• Chris

    Thank you for not calling it “concussion-gate”.

  • Wheel

    I’ve always been a Holmgren guy, but his handling of the McCoy concussion has made me question my support. HIs reaction was defensive, immature, and most importantly, showed questionable leadership.

  • mgbode

    @chris – but they missed out on an extra alliteration score by passing on “Colt Concussion Controversy”

  • cuzon steve

    yknow, the difference between the browns and the steelers can be summed up by mr. cribbs’ comments that harrison didn’t have to hit mccoy like he did…wow. no wonder we don’t win. this is football. colt wanted back in and they let him back in. mistake all around, but he wanted back in. next time we play the steelers, we should all wear skirts and have a tea and crumpets contest. as bobby layne once said, you got milk drinkers and whiskey drinkers…i’ll take the whiskey drinkers every time. thanks md.

  • humboldt

    @cuzon steve – feel free to join us in the 21st century at any point. You’ll love it here…this thing called “science” has shown us that multiple hits to the head result in neuropathological damage that increases risk for dementia. You’ll never believe this: NFL players have been found to be 19x more likely to suffer from young onset dementia than the general population! Science taught us that!

    Now, people in our era who don’t like science so much say things like “NFL players should wear skirts” or “just give them flags” or “I like my NFL players to drink whiskey and concuss other players”. But they just look like idiots. When you join our century, don’t be like those people. Ok?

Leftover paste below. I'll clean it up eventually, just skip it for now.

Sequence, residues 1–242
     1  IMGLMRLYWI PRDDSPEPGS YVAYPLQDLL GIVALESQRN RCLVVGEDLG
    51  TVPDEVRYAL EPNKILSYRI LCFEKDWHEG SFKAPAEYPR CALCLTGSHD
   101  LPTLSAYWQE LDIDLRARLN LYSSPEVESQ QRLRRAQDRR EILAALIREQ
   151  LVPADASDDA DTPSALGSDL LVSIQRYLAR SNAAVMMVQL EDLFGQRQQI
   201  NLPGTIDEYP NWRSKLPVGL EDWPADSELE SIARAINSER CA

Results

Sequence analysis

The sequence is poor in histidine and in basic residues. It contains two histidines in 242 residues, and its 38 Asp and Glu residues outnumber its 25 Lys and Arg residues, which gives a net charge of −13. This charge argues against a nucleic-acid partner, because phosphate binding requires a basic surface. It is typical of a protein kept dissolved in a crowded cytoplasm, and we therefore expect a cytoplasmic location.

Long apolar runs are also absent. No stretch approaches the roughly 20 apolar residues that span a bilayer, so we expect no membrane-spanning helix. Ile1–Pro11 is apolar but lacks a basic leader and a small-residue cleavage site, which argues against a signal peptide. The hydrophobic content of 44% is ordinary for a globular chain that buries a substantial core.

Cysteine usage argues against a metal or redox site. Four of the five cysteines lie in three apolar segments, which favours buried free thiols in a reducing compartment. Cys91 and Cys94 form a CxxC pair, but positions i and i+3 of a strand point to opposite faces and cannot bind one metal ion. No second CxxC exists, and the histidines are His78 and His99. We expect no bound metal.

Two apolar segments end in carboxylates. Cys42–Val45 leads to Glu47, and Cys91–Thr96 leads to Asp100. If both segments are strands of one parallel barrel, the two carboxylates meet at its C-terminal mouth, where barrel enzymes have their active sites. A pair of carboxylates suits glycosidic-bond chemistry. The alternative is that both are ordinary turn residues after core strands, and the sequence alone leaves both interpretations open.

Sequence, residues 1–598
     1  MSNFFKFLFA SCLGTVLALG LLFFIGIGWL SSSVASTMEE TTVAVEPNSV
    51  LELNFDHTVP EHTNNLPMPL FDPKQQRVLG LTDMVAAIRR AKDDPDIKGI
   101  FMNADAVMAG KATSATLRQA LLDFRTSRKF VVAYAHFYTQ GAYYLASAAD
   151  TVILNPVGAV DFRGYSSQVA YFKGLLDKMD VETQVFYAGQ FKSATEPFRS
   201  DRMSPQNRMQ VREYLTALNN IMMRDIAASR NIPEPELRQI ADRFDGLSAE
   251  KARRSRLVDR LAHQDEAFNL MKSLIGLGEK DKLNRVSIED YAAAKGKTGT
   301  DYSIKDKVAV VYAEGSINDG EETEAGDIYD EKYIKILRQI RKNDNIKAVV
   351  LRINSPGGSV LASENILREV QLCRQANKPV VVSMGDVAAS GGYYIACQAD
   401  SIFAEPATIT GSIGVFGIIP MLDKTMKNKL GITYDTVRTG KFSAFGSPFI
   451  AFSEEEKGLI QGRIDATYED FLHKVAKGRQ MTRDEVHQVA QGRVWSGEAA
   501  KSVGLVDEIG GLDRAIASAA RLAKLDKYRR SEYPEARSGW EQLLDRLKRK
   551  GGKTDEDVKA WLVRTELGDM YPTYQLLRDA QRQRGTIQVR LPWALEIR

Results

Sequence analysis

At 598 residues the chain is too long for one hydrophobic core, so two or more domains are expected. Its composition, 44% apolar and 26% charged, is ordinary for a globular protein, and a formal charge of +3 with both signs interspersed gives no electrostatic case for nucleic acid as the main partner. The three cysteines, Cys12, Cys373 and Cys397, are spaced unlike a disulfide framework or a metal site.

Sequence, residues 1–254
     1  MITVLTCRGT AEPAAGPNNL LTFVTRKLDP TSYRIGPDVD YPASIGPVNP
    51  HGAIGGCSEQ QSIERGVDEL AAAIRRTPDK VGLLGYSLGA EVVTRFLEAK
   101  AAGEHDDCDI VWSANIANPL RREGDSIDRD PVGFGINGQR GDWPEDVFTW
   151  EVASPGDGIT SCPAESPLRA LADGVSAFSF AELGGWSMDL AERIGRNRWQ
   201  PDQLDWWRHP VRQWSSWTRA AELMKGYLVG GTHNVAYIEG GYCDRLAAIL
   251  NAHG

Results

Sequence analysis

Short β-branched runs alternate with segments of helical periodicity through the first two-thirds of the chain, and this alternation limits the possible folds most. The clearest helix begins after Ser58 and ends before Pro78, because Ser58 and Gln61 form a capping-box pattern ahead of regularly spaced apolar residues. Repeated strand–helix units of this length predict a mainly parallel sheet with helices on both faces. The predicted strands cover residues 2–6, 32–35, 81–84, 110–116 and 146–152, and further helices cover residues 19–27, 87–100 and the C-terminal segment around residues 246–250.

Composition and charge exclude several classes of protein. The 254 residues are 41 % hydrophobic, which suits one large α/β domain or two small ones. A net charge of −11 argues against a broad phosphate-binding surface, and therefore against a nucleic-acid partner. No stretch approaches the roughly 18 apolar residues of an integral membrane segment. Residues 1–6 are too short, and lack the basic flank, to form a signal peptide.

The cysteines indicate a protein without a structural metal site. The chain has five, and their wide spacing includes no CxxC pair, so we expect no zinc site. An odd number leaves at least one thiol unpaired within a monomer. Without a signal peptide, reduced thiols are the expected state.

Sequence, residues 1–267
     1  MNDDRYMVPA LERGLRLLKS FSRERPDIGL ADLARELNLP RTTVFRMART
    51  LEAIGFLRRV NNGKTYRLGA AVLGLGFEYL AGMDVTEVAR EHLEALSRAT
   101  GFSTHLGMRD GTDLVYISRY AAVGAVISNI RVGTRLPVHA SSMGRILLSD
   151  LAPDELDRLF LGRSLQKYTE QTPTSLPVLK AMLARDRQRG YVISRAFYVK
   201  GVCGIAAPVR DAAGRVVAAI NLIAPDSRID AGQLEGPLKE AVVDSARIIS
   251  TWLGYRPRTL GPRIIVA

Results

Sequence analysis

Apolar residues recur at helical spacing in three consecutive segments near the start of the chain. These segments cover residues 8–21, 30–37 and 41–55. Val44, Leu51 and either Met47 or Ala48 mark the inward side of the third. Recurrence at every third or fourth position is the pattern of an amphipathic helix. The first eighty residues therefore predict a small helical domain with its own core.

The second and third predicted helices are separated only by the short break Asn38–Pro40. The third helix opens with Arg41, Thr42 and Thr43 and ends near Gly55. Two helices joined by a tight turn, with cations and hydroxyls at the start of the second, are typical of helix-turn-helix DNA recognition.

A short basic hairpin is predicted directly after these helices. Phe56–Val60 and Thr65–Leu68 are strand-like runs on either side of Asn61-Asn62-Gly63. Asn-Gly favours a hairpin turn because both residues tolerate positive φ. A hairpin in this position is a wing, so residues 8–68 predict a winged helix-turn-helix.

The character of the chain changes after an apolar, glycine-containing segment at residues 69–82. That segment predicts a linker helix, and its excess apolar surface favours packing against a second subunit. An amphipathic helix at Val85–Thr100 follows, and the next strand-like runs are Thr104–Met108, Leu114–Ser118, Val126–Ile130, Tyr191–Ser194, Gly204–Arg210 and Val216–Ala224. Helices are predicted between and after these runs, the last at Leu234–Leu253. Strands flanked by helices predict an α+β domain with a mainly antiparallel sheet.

• Pat

    Another thing science has given us now, is better padding in helmets to deal with blows to the head and try to lessen the force. Player safety is why all of these hit rules showed up, and the knowledge of concussion effects later in life is why any blow to the head will get a flag. We all know James Harrison needs to learn how to tackle, i know a bunch of steeler fans who agree with that statement, but players who havent been concussed could also follow the ones who have, like DeSean Jackson in Philly. After he got drilled last year, he decided to use a different type of padding in his helmet to help reduce the force received and possibly prevent another concussion, or at least make one less severe than it would be if he got another one during a game.

  • cuzon steve

    humboldt, you are a kick in the ass. i was just funnin with ya. i’m way out in colorado for decades, and just like to travel this website. thanks for the laughs. dont forget what my kids always tell me…safety third, dad.